This praise for the Society of Plastics Engineers is overdue, and it's taking a different angle than what we originally planned.
Let's put it in historical context. Remember March 2020? It was just two months ago, but it seems like another era.
Back in early March, just a few days after our Plastics News Executive Forum, the coronavirus pandemic started to disrupt the events business. On a daily basis, we were publishing news about trade shows, conferences and open houses that were either being canceled or rescheduled.
But Antec looked like it was going to take place, as scheduled, in San Antonio.
The big annual technical conference organized by the Society of Plastics Engineers was a favorite event for Bill Bregar, our senior reporter who had covered just about every Antec since 1989. And he was looking forward to covering it in 2020. Bill was pumped about going, seeing his many industry friends, and covering the keynote talks by two big plastics company CEOs: Jim Fitterling of Dow Inc. and Tom Salmon of Berry Global Group Inc.
Bill suggested that we write a column praising SPE for going ahead with the in-person event. "Good idea," I told him, "but let's hold off, just in case they change their minds."
But that seemed unlikely. On March 3, SPE had posted an open letter announcing that Antec would be held as scheduled, while emphasizing the steps it had planned to ensure the safety of attendees.
When the big plastics industry Washington fly-in was canceled on March 12, Bill wrote me an email: "Can't have a fly-in when nobody wants to fly." I responded: "Now Antec is the last plastics event that hasn't been canceled or postponed. Your move, SPE."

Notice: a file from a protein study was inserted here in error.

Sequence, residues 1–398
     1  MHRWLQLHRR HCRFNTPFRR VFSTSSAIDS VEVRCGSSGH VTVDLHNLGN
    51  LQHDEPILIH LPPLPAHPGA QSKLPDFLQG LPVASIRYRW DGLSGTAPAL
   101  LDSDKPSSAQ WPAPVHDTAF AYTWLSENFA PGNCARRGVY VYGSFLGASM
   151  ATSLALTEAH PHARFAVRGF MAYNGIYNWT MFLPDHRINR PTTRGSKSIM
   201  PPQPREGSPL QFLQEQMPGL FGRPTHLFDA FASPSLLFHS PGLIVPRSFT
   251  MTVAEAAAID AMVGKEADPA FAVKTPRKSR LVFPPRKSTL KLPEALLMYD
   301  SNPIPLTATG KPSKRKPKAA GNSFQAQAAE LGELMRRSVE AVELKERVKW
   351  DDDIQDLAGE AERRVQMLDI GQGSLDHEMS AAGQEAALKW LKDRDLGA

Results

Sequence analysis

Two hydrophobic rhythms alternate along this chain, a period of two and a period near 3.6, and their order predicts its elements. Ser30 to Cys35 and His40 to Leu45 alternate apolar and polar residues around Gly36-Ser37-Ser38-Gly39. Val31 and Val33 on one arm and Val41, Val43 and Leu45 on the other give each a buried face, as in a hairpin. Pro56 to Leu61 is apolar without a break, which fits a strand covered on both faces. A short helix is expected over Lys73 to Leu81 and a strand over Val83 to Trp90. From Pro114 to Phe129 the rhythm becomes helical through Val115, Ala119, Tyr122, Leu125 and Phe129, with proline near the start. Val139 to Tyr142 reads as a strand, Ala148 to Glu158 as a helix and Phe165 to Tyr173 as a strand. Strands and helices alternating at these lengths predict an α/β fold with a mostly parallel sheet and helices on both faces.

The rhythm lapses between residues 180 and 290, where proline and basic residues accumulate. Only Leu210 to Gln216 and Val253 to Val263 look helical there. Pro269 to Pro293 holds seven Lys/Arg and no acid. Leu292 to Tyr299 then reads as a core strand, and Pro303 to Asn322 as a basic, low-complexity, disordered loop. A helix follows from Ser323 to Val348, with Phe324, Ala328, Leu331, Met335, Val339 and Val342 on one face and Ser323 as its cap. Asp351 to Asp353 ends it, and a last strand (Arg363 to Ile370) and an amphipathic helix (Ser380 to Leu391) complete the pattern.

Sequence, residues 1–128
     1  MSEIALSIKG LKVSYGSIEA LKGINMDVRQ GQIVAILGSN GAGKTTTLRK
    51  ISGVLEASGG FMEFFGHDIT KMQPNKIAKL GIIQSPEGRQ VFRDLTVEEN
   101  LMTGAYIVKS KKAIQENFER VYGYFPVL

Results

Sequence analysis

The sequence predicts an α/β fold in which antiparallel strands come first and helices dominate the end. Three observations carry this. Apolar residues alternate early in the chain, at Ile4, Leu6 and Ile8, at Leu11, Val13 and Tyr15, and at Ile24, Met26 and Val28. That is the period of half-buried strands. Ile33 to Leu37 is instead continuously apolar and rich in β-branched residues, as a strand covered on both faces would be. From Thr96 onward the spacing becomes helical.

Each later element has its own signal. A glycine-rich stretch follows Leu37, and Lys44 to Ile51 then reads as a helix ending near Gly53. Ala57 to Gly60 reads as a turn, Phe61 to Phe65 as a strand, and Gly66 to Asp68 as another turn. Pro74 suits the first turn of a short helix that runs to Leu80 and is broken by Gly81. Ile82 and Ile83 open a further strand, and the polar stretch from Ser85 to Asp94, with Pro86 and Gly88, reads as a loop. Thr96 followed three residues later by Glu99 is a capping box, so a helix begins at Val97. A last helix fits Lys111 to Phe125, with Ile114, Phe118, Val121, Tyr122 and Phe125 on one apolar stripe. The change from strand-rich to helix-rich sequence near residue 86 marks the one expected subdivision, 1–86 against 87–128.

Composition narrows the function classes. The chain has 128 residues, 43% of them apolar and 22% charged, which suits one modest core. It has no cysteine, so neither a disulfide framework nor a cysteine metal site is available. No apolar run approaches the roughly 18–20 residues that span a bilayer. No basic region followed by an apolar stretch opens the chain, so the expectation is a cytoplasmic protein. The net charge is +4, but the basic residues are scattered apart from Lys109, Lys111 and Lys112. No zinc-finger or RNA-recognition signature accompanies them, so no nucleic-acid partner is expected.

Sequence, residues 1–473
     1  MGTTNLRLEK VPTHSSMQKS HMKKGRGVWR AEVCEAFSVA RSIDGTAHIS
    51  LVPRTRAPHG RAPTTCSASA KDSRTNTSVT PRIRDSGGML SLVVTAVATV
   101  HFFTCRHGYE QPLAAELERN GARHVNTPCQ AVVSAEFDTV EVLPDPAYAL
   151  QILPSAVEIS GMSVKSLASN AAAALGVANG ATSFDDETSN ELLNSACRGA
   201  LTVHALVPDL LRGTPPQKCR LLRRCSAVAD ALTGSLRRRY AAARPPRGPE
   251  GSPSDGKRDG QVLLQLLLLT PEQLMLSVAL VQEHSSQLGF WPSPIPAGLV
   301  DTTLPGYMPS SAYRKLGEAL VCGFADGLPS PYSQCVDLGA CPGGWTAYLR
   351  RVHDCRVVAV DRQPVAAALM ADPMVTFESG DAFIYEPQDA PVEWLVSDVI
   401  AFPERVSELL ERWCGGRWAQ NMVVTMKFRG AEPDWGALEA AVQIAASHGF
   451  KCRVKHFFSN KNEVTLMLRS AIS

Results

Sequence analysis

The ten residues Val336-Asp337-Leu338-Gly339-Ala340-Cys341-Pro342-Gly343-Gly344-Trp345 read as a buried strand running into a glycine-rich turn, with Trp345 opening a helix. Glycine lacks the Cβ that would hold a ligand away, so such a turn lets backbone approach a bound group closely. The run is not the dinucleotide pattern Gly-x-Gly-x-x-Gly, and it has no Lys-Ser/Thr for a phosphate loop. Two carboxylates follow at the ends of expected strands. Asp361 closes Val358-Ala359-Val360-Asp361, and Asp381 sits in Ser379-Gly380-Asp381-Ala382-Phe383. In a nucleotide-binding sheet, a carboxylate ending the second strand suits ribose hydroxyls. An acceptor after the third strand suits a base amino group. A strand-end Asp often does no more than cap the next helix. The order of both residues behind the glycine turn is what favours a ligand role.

The next day, we learned that SPE was canceling the event in San Antonio. But officials promised that the technical papers would still be delivered, but like a live webinar.
"Antec 2020: The Virtual Edition" was on.
It kicked off on Monday, March 30 with a joint keynote address by Fitterling and Salmon. More than 700 people tuned in live, including Bill, and I was honored to moderate the session. Bill was pumped about his coverage and my role.
That first day of Antec was a great kickoff for what turned out to be a very successful virtual conference. Last week, on May 5, after six weeks and 167 technical presentations, the event came to its conclusion.
SPE deserves a hand. Instead of sticking to its original plan and holding an in-person event, the Danbury, Conn.-based organization quickly scrambled to make Antec a fun and successful virtual conference. More than 3,300 people from seven countries tuned in to at least a portion of the 93-plus hours of programing.
SPE CEO Patrick Farrey acknowledges that it wasn't an easy decision to cancel what would have been an in-person three-day event. He credited the executive board, technical committees, presenters and, most of all, the SPE staff, for quickly coming together to pull off the virtual Antec.
Audiences grew exponentially for the virtual event, with some technical sessions attracting nearly 300 attendees. That would have been unlikely in a regular Antec, when SPE schedules many concurrent sessions. And the audience is likely to grow, because more than 20 presentations, podcasts and demonstrations were livestreamed on YouTube and are still accessible to anyone.
Bill didn't get to see the conclusion of Antec 2020. He died unexpectedly on April 5, the day before his coverage of the keynote session ran in Plastics News.
In the weeks since then, I didn't forget Bill's idea to publish a column praising SPE for its decision. It wasn't easy, but SPE pulled it off.
Loepp is editor of Plastics News and author of the Plastics Blog. Follow him on Twitter @donloepp.